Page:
I used to eat family size bags of chips most nights. I have been overweight most of my life. I was always the fat sister, daughter, friend. And I truly believed that that was my destiny. That I always going to be this way. I struggled with body image issues ever since I started gaining weight in elementary school. My self-esteem was always low. High school came around and I lost some weight around senior year. I was probably the lowest I've ever been. Then college came around. Having the lack of funds, lack of time and SO much stress, I gained so much weight back and then some. Fast forward, I decided I need to take my health back into my own hands. I went through years of appetite suppressants, yo-yo dieting, cardio, starving myself, binge eating and just creating a bad relationship with food that lasted years. I actually was weightlifting and trying to figure out nutrition on my own but when I started reaching 200 pounds, I knew I needed help. I hired a coach and it was the best thing I've done for my body. With his guidance and accountability, I was able to lose 30 pounds, transform my body and mindset surrounding food. I finally came to a place where I felt comfortable taking the reins. Through this process I fell in love with fitness and nutrition and really knew I found my calling. I went on to get my Master in Nutrition and Human Performance and got certified as a personal trainer. I wanted to be able to help women who had the same struggles as me. And I'm doing just that. I feel so fulfilled when I can just help one woman figure out how they can see their potential and how they create healthy habits for THEIR lifestyle. Like I always say, it's a process but not only should you fall in love with the process, you have to fall in love with yourself too . . .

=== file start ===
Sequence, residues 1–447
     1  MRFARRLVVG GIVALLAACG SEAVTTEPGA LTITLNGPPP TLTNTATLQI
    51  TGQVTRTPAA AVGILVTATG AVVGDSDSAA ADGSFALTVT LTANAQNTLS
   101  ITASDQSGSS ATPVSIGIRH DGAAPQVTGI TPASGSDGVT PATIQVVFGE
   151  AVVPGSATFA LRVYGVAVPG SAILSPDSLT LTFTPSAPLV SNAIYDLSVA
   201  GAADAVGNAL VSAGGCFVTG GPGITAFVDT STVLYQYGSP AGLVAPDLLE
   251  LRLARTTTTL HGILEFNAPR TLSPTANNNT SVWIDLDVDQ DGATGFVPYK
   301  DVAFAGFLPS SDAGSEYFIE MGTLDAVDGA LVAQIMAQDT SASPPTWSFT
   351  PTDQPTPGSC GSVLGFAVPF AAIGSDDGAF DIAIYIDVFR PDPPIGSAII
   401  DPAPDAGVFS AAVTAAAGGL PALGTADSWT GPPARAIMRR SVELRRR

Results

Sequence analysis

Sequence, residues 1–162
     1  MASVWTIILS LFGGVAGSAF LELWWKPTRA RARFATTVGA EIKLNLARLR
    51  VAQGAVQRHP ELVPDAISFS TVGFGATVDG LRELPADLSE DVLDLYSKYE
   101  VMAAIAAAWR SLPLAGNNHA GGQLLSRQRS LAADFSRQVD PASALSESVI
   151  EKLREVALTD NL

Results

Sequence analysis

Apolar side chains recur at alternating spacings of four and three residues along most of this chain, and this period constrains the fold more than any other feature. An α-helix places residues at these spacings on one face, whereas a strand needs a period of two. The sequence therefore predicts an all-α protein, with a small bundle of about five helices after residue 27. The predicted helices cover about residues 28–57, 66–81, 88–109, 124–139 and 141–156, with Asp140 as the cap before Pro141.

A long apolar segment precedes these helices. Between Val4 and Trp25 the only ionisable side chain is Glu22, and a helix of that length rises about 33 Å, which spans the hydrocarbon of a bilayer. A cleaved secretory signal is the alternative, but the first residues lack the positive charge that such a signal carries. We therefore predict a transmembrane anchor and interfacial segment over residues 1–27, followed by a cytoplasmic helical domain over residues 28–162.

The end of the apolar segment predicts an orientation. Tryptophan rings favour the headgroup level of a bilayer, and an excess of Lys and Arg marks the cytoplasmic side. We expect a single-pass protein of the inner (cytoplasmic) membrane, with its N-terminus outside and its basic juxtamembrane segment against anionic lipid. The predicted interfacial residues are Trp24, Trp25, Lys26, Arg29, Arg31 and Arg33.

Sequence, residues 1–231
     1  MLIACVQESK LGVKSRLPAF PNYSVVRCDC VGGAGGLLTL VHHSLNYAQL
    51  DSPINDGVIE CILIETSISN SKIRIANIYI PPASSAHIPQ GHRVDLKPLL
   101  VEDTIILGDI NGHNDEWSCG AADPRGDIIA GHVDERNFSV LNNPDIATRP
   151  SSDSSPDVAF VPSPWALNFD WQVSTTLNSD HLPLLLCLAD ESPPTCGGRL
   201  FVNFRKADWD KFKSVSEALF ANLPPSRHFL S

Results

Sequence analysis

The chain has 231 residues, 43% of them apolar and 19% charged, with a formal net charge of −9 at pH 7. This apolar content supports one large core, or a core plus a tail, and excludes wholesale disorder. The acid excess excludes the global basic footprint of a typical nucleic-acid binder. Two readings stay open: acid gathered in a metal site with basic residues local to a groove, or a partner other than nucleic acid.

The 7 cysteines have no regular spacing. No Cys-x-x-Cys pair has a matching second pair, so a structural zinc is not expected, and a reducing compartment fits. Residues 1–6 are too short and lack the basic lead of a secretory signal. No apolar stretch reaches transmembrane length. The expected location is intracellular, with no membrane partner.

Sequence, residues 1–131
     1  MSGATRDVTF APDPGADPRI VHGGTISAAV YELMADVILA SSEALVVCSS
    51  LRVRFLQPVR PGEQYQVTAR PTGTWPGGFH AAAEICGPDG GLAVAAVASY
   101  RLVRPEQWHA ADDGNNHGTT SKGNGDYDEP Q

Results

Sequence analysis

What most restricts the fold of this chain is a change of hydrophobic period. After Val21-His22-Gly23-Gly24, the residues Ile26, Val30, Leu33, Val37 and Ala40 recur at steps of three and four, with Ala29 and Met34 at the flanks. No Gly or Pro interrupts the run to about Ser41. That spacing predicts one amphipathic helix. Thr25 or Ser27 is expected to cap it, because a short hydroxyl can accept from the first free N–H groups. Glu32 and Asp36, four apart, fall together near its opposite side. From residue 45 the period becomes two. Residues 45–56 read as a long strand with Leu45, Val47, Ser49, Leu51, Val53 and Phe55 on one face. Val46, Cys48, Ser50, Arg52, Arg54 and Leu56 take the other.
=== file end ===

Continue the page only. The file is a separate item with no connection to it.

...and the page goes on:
A post shared by Tahirih | (@fit_withtt) on Dec 10, 2019 at 6:14pm PST

I tried to lose weight on my own after getting off the phentermine by upping my physical activity. But with the increased activity, I started to increase my eating because I felt like I deserved the reward of it. I added in cheat meals, which backfired in the end. Although I was doing more cardio, I was still gaining more weight. I was at my heaviest, feeling defeated. I knew I needed to change something.

I used to be an all-or-nothing type of girl with eating. But the idea of flexible dieting is exactly what it sounds like and includes the 80-20 rule, or eating nutritious good-for-you foods 80 percent of the time, and the "If It Fits Your Macros" (IIFYM) rule, which means you eat calories within your macronutrient (carbs, fat, protein) percentages. This way of eating is really a lifestyle change and less of a diet, and it really changed my thought process around eating.